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Discussion Starter #1
I'm thinking of building up a new all-around road/touring wheelset, and I am considering the Mavic Open Sport rim.

Seems fine for half the price of the Open Pros.

Anyone have experience (good or bad) riding on these rims?

Thanks.
 

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i thought these were a renaming of the Mavic MA3. check out velocity rims the have similar priced 490g rims too. i have a set of MA3, rock solid, about 3k mileage never trued them.
 

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cmg said:
i thought these were a renaming of the Mavic MA3.
Nope, the Open Sport is a completely new rim. Unlike the MA3, the Open Sport is narrower, has a triple-chamber cross-section (MA3 was single chamber), and has sidewall wear indicators.

The MA3 was widely considered a dog; it was not reliable and frequently cracked at the eyelets. Mavic, probably aware of its shortcomings, even spec.'ed lower spoke tension and rider weight limits than the lighter Open Pro rim.
 

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Discussion Starter #5
I recall seeing an Open Pro rim right beside a Mavic MA3 in my local shop (no, they don't have the Open Sport rim there).

The mechanic was explaining that on the Open Pro, the threads in the eyelets continued through the center channel to the other side, so that when the spoke was threaded in, it would have more surface contact, or threads, to bite into. I'm not quite sure what he was referring to, and hopefully someone can shed some light on this. I suppose my next move is to phone the folks at Mavic, since their website contains only the most basic information.

Any input would be appreciated. Thanks.
 

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cmg said:
both 490g. don't really look that different. the groove on the brake face is the wear indicator.
If you look closer, you'll see that that the internal cavities are shaped differently. This can be seen more clearly here: Open Sport cross section. As you can see, the two side cavities had to be re-shaped to accomodate the wear grooves. This requires completely new tooling (extrusion die). Also, as can be seen in the two photos you provided, when they re-designed the extrusion, they also made the spoke bed thicker (probably because of the high number of spoke hole cracks with the MA3). Although it may fill the same market niche, it is a completely new product.
 

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Eyelets and sockets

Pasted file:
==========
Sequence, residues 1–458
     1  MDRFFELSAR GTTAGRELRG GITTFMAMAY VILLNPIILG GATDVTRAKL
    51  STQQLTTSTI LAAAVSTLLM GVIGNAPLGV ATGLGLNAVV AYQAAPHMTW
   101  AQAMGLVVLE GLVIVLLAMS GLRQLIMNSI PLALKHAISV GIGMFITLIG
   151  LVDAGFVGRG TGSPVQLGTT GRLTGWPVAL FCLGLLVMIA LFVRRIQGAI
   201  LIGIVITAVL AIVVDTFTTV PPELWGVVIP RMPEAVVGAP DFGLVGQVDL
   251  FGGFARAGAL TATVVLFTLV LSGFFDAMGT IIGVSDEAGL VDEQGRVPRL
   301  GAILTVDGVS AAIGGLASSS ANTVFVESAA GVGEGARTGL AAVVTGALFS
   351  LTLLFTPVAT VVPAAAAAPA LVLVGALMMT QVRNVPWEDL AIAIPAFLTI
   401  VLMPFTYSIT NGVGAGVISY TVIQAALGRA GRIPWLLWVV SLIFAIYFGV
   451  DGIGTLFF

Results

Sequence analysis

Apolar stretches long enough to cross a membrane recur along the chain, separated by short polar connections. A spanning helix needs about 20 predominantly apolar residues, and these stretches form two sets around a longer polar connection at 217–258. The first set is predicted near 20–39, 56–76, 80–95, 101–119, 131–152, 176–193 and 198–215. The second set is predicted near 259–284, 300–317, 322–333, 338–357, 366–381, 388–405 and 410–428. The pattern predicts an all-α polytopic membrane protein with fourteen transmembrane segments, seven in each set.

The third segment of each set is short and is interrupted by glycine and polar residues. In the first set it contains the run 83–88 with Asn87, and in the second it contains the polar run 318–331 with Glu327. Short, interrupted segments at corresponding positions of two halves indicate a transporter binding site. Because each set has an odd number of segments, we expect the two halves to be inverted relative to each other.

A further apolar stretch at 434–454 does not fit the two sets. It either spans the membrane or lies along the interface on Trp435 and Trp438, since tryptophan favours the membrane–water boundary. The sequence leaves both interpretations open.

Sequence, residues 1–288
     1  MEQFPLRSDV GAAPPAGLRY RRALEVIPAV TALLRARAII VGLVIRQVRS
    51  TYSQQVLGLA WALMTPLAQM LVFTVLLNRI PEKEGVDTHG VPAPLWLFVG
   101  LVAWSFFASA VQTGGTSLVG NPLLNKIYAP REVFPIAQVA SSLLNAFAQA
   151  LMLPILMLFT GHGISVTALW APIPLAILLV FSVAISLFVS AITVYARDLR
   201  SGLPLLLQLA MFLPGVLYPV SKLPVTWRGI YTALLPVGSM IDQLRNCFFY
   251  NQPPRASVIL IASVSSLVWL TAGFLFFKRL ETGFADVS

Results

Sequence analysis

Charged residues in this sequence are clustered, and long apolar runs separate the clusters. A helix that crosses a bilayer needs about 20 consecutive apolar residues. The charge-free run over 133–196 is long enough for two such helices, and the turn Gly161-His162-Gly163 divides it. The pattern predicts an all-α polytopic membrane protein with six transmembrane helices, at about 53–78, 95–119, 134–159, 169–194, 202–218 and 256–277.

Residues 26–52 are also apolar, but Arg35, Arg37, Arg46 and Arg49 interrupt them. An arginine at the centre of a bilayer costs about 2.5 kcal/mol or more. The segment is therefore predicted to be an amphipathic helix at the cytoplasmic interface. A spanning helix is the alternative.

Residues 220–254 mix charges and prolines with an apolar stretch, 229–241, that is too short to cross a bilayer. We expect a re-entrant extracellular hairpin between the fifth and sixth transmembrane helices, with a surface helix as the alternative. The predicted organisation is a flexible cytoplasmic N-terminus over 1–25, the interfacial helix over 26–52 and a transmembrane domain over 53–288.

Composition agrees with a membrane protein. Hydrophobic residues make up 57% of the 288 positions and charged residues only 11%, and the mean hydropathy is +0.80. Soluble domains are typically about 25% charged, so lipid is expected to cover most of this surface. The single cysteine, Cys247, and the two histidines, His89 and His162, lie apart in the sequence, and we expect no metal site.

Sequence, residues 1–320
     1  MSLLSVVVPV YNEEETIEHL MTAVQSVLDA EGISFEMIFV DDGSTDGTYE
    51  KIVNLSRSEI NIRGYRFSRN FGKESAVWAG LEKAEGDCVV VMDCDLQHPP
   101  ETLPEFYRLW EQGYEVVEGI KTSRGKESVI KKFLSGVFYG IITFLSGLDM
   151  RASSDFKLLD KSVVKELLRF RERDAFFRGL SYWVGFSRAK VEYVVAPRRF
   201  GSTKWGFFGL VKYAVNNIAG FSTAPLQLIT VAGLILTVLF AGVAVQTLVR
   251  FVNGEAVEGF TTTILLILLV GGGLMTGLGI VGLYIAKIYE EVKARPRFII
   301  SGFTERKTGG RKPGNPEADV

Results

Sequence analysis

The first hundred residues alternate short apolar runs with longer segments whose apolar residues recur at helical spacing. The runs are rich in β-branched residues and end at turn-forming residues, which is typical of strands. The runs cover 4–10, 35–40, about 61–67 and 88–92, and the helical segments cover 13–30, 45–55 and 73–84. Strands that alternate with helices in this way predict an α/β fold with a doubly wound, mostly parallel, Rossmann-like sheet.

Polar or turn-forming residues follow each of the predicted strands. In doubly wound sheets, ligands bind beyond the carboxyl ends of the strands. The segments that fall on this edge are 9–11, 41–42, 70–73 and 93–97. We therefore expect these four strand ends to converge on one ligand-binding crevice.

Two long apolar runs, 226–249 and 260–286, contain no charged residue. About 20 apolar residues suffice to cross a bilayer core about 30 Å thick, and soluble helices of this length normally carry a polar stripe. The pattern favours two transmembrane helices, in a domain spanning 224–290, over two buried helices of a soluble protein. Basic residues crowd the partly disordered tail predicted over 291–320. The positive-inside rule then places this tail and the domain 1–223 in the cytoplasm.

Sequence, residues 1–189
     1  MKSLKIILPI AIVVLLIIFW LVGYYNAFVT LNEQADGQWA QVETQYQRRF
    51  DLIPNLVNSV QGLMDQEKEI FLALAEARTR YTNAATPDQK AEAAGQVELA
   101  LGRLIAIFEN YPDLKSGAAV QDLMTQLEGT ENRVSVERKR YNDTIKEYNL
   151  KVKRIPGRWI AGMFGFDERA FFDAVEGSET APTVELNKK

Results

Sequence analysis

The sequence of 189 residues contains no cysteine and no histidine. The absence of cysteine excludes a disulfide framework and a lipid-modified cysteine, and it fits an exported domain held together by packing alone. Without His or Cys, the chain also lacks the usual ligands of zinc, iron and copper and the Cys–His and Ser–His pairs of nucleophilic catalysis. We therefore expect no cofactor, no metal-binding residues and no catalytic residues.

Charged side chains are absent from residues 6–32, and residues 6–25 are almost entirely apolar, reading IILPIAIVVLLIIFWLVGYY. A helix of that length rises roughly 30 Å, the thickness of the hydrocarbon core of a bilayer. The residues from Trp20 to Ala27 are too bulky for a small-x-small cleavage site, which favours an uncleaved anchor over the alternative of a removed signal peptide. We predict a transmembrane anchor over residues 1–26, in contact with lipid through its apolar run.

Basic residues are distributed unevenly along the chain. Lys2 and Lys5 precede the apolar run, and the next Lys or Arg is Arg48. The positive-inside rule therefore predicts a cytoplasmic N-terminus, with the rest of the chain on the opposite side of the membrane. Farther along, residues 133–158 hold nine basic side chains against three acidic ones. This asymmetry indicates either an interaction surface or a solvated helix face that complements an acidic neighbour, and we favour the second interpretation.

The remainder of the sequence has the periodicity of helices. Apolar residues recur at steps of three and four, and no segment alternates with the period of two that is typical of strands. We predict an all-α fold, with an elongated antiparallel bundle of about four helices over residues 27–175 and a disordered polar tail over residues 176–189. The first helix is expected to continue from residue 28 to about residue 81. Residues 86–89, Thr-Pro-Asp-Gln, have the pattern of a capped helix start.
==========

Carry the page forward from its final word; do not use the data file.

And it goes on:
Mr. Peabody said:
The mechanic was explaining that on the Open Pro, the threads in the eyelets continued through the center channel to the other side, so that when the spoke was threaded in, it would have more surface contact, or threads, to bite into. I'm not quite sure what he was referring to, and hopefully someone can shed some light on this.
Well, there's no threading involved in the rim, but the Open Pro is socketted, whereas the Open Sport is simply eyeletted.

On the Open Sport, there is a eyelet (a metal grommet) crimped into the spoke hole. This eyelet supports the nipple, and helps distribute the spoke load more evenly onto the bottom rim wall.

On the Open Pro, in addition to the eyelet, there is a socket, which is a thimble shaped insert that has a lip at the top of the socket that rests on the inner rim wall, as well as the bottom of the socket resting on the bottom rim wall. The socket helps distribute the spoke load to both rim walls, so that the each rim wall experiences only about half the spoke tension. Sockets are sometimes referred to as double eyelets.

If designed and built correctly, a socketed rim can be more durable, and less prone to cracking around the spoke hole. Due to changes in rim design and construction technology, the need for sockets has been diminished in recent years, but frequently non-socketted rims have to be a little heavier for the same durability.
 

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Discussion Starter #8
Good information, thanks to all who replied.

It seems for my purposes the Open Sport rims will be fine. I'm not interested in the lightest weight rim available, but I do appreciate Mavic quality (use their rims on my mountain bikes), so I'll most likely try the Open Sports. I've noticed Kona specs them on the Jake the Snake, so if they're strong enough for cyclocross, I'm sure they'll suit a road/light-touring bike.

I was considering an LX front hub (or possibly 105), and a 105 rear. I'll be sure to post a report once I have them built.
 
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